"What?" she demanded. "If you're threatening to kill me, I would
much rather die!"
The Master became put out. "That's a little extreme, wouldn't you
say? You'd rather die than eat a meal with me?"
Tegan glared.
"Oh, very well," he said. "If you don't come with me, I'll only have
to write more poetry to come to terms with the disappointment."
"I know you're just doing this to annoy the Doctor," she told him.
"Well, congratulations! The flowers were more than enough, not to
mention what you did to him last night."
The Master sighed and pulled out a pen and a sheet of paper. "Can I
call you Jane?"
He shook his head. "I may have to use free verse this time. Have you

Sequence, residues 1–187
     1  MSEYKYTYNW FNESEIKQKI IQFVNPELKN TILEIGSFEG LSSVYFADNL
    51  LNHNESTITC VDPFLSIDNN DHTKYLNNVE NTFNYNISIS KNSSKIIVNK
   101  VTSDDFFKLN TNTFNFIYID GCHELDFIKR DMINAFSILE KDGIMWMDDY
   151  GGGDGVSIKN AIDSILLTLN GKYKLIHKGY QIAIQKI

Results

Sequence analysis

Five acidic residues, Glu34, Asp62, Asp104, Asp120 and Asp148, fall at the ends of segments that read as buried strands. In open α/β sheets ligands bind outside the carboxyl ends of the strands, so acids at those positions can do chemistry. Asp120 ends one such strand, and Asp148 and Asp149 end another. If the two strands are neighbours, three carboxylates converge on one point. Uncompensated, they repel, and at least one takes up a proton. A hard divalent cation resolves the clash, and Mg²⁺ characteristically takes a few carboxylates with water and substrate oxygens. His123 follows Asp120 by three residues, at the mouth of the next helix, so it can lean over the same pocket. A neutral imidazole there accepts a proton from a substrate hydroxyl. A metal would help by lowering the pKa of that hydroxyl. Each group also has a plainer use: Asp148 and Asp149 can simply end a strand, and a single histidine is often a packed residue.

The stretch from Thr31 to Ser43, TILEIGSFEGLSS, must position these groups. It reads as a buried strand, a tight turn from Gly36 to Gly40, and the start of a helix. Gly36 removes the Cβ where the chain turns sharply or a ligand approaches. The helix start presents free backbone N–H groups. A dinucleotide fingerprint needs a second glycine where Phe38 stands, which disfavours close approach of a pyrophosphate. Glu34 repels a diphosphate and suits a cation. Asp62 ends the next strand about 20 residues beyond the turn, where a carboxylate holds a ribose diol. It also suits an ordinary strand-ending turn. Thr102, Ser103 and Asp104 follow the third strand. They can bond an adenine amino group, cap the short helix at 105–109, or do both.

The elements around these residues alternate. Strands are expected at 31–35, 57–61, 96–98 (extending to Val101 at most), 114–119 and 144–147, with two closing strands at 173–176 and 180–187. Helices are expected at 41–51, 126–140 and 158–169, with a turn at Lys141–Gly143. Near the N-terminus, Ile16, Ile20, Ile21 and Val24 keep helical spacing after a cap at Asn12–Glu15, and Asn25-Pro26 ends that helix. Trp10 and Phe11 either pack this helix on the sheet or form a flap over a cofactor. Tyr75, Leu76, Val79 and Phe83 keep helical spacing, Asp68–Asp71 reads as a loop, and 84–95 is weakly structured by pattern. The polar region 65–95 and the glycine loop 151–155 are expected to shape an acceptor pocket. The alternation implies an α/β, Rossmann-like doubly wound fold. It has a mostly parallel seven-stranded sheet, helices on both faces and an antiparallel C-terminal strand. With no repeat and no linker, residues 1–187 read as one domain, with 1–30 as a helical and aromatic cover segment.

tried finding rhymes for 'Tegan'?"
"Funnily, enough, no!"

By the time the Fifth Doctor walked in, Tegan was sitting to one side
of the Round, stiff with anger while a crowd had gathered round the
Master's table with helpful suggestions.
He read out his progress so far: "Dearest Tegan, / I love you / Far
better than Megan (pronounced the Australian way)."
The Doctor stared and decided that the only option was to walk back
out again.

"That's not a poem," complained the First Doctor. "Does anyone know
where this young man can find a creative writing course?"
"Look, will you stop it?" yelled Tegan. "The point isn't how bad his
writing is - what's he doing writing poetry about me in the first
He held out his hands in outraged innocence. "I'm crazy about you."
"Yes, you're crazy, all right," growled the supposed object of his
affections. "Go away!"
The Master never liked to be beaten in anything, although he should
have grown used to it, after his many years of practice. "Should I
have tried chocolates?"
Tegan folded her arms. "Let's get this straight, shall we? I am not